Courtesy of http://burnbright.com.au
By Rebecca T. Dickinson
“When we step through that door of light again, the garden realm is there to welcome us with its sweet smells and bright sky … I don’t know how much time I shall have with my mother, and a small part of doesn’t want to share that time with my friends.” ~ p. 272
A Great and Terrible Beauty is a YA novel mixed with supernatural elements. Not my conventional read, I found it fast and entertaining. The Victorian-age story, written by Libba Bray, reveals the struggles of Gemma Doyle.
She wants to leave India and go to school at Spence—a London school for girls. Her mother tells her it’s not all it’s cracked up to be, and Gemma cannot figure out why her mother is reluctant to return to London where she can receive a young lady’s proper education and her father might recover from his Opium addiction.
After her mother’s suicide, Gemma attends Spence as an outspoken yet mysterious person who matches any girl. She forms a friendship with three girls: Felicity, Pippa and Ann. All want something. They are relatable for twenty-first century girls with separated families, parents who have abandoned them, or face addiction.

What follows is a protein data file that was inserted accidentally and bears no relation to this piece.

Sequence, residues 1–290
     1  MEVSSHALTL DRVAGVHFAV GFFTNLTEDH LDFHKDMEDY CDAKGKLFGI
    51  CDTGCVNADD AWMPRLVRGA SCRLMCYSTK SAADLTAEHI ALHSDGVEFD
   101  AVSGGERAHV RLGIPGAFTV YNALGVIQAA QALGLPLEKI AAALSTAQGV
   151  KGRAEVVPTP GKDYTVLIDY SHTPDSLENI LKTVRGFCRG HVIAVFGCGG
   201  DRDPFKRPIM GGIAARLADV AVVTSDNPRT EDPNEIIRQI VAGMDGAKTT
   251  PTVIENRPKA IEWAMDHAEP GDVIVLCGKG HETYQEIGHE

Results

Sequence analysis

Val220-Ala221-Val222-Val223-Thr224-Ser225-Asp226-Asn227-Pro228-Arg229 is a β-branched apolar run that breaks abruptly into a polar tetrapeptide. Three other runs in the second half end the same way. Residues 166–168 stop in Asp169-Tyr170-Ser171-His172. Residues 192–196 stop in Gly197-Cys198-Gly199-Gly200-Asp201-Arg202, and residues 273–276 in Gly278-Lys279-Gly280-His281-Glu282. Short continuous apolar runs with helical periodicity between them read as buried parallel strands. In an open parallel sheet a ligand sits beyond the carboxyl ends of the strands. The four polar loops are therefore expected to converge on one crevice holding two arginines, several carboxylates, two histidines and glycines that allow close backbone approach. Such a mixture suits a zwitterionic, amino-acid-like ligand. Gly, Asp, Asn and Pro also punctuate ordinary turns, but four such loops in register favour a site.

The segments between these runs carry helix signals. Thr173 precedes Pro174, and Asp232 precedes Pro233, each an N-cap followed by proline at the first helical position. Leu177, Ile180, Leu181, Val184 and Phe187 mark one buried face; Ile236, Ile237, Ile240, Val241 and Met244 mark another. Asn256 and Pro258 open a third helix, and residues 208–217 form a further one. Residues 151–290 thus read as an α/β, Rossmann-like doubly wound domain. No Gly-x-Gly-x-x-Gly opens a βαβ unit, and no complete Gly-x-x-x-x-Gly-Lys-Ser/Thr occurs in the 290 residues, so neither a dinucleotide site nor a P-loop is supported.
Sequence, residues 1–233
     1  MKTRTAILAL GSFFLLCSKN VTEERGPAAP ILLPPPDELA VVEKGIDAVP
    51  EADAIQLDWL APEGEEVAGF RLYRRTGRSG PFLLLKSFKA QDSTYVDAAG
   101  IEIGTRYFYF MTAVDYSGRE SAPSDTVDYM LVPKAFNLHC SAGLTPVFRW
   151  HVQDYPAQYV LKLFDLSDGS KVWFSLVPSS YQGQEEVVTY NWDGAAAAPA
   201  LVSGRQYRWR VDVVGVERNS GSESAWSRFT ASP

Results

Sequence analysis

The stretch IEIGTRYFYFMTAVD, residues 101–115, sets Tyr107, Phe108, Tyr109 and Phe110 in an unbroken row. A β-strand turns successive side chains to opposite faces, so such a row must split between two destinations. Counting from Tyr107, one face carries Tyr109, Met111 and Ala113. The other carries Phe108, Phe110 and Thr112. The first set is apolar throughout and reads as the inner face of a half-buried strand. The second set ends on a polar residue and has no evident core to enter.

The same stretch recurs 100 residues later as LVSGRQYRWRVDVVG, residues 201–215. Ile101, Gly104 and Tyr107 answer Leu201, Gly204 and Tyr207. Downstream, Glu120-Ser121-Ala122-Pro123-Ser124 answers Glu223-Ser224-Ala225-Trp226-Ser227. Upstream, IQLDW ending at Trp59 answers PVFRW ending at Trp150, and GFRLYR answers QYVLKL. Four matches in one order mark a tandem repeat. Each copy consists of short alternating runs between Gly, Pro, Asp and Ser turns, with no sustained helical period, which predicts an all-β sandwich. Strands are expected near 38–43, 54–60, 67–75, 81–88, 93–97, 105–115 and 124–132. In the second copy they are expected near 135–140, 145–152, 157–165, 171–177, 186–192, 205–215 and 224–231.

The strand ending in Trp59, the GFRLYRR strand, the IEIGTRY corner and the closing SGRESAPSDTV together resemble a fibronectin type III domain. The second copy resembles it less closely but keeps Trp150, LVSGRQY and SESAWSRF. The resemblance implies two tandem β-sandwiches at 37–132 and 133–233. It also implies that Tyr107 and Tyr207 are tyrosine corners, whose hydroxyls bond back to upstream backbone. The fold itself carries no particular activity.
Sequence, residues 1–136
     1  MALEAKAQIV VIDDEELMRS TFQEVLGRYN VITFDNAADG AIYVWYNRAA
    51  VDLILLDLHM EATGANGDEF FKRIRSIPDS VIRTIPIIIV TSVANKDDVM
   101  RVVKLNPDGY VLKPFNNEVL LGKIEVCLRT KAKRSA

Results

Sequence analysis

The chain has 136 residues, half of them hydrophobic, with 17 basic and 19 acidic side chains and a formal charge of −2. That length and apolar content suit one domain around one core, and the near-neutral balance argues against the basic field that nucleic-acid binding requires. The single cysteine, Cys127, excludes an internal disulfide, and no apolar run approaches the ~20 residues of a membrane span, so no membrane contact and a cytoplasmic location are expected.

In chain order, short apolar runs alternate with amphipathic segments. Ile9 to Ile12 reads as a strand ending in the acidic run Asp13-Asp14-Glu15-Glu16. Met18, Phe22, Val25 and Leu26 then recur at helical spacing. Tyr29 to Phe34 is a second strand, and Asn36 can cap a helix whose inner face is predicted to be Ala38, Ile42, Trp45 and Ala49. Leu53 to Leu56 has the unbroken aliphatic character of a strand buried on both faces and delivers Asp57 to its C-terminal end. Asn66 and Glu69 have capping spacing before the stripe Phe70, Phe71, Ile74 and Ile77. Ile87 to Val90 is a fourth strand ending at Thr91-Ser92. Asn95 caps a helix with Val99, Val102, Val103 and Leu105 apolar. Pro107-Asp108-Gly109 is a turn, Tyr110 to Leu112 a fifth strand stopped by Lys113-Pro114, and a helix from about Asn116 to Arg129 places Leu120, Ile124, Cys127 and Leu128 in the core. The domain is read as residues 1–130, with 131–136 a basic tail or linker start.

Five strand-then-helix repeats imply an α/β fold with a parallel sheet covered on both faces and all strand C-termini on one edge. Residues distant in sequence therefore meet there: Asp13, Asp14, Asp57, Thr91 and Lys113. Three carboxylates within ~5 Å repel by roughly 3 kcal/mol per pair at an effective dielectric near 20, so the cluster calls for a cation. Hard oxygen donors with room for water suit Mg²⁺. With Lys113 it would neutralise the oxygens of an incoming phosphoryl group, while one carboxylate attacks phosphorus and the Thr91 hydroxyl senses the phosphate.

“The bottle goes around a few more times till we’re all loose-limbed as new calves. I’m now floating inside my skin. I could go on floating like this for days. Right now, the real world with its heartbreak and disappointments is just a pulse against the protective membrane we’ve drunk ourselves into.” ~ p. 141
I am not crazy about the description of the main realm the girls enter. In that case, the reader can tell Bray definitely wrote the book for teenage girls dreaming of the day their prince will come. Since I’ve written from a male perspective for six years, and read so many books by male authors in relation to my writing; I grow bored with girly aspects of the book. Bray’s descriptions of the fairytale realm are well-written, but it makes one think it is happy bubble, lollypop time.
That said, there are equally scary parts of the book in which darkness and evil takes a physical and demonic shape in both the supernatural and what a person—with the best of intentions—is capable of doing to another.
Perhaps what I appreciate the most in the book is its message of atonement between parent and child. If an adolescent girl is reading the Gemma Doyle trilogy, it is encouraging to know YA authors show the realities of the relationship between parents and children.
What I loved the most was written in Bray’s acknowledgements in the beginning: “And especially Josh for being so patient when Mommy had to finish just one last thing.” As a writer-educator-mother who works with trucks crowded under her desk, I appreciate this sentiment.
Overall, the book is worth a read if you are interested in YA, supernatural or teenage girls’ misadventures.